My son recently graduated from high school. He is continuing his education in the Fall at a local tech school for web design.
Around the time that he was going through the major transition from high school student to graduate, I was writing my "U Can Do It Budgeting System" e-book. In speaking with various people, I began to recognize that there is a large group of individuals who need to be educated about finances and budgeting...high school and college students.
Did you know that only a quarter of teens have any idea how credit card interest works? The average college student carries nearly $3,000 in credit card debt. A bad credit rating can affect your child's ability to buy a car, a house or even get a job.
As a parent, it is important to discuss these and other money related issues with your teen before they leave the nest. But how? Some parents are not confident that they have enough knowledge about finances, feeling they don't know how to give advice or even where to begin.
To get this important conversation started, start involving your teen in the family's financial situation. You don't have to give away the ship but you can let your kids see you paying bills and getting their input some budgeting decisions. Give them an example where a choice needs to be made. Have them realize that in order to go away for vacation, you need to save up a bit to do so. Ask them how they suggest you do that. Showing them that the balance between spending and saving is so important and will take them a long way.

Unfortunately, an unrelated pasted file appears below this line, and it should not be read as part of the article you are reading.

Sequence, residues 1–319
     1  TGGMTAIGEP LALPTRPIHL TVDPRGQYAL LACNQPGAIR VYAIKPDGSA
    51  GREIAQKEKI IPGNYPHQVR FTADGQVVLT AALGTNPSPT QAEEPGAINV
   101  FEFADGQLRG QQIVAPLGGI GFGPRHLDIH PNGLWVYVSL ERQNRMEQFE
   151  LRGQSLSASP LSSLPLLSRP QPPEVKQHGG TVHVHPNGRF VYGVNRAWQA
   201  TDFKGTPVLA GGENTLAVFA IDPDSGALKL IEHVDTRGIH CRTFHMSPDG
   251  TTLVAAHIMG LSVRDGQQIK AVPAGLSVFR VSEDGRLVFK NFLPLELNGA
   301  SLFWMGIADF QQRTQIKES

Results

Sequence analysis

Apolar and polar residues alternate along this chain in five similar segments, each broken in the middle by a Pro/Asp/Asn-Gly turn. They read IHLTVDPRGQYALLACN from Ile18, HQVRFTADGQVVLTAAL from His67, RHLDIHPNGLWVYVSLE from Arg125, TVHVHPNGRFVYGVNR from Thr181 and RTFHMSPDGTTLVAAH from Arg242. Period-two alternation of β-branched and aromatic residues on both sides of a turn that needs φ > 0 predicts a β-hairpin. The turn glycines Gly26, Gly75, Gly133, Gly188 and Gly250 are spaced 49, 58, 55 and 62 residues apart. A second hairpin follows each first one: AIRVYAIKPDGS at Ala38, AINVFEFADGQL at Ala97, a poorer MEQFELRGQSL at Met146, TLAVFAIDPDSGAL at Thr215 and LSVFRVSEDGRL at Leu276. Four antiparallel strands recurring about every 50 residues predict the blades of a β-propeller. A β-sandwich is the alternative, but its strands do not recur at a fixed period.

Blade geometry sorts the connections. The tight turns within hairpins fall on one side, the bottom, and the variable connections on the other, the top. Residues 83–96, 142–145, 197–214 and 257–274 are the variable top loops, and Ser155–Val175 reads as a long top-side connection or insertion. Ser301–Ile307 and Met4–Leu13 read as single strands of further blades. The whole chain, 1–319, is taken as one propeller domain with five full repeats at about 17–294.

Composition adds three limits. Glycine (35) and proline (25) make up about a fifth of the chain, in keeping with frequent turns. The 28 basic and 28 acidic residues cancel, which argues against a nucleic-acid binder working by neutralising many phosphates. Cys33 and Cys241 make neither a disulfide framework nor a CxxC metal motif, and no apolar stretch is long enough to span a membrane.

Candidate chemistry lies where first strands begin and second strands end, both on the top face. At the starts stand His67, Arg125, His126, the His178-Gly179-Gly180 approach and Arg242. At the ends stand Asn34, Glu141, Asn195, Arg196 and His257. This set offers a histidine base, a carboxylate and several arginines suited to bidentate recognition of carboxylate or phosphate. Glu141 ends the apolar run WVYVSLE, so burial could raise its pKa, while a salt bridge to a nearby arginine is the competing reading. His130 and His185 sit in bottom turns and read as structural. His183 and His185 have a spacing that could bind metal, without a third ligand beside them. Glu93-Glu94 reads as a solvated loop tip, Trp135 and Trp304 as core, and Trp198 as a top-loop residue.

If there is a big ticket item that your kids wants, don't just give it to them. Explain to them that they can earn the money, either by getting a job or getting paid to do chores around the house that perhaps you would pay someone else to do so they can fund the cost themselves. It will make it a lot more valuable to them.
Before your teens leave home, your teen needs to know how to balance spending with savings and the details of day-to-day living, such as how to balance a check book and how to stick to a budget. The "U Can Do It Budgeting System" is a great tool to teach those who need help creating and sticking to a budget. It is simple and easy enough that it works for teens as well as adults. (See the "budgeting system" tab for more information.)
Some great times to initiate this conversation with your teen is perhaps at snack time. Get them to sit at the table with you with some fresh baked cookies and a glass of milk to get the conversation started. I have found that it's a lot easier to have a deeper discussion with my teen when we are driving in the car. I have his undivided attention. Share some chores together. By sharing some time together to get things done gives you a good opportunity to open up the discussion of finances.
Bottom line, get this conversation going. It's important to your teen's future.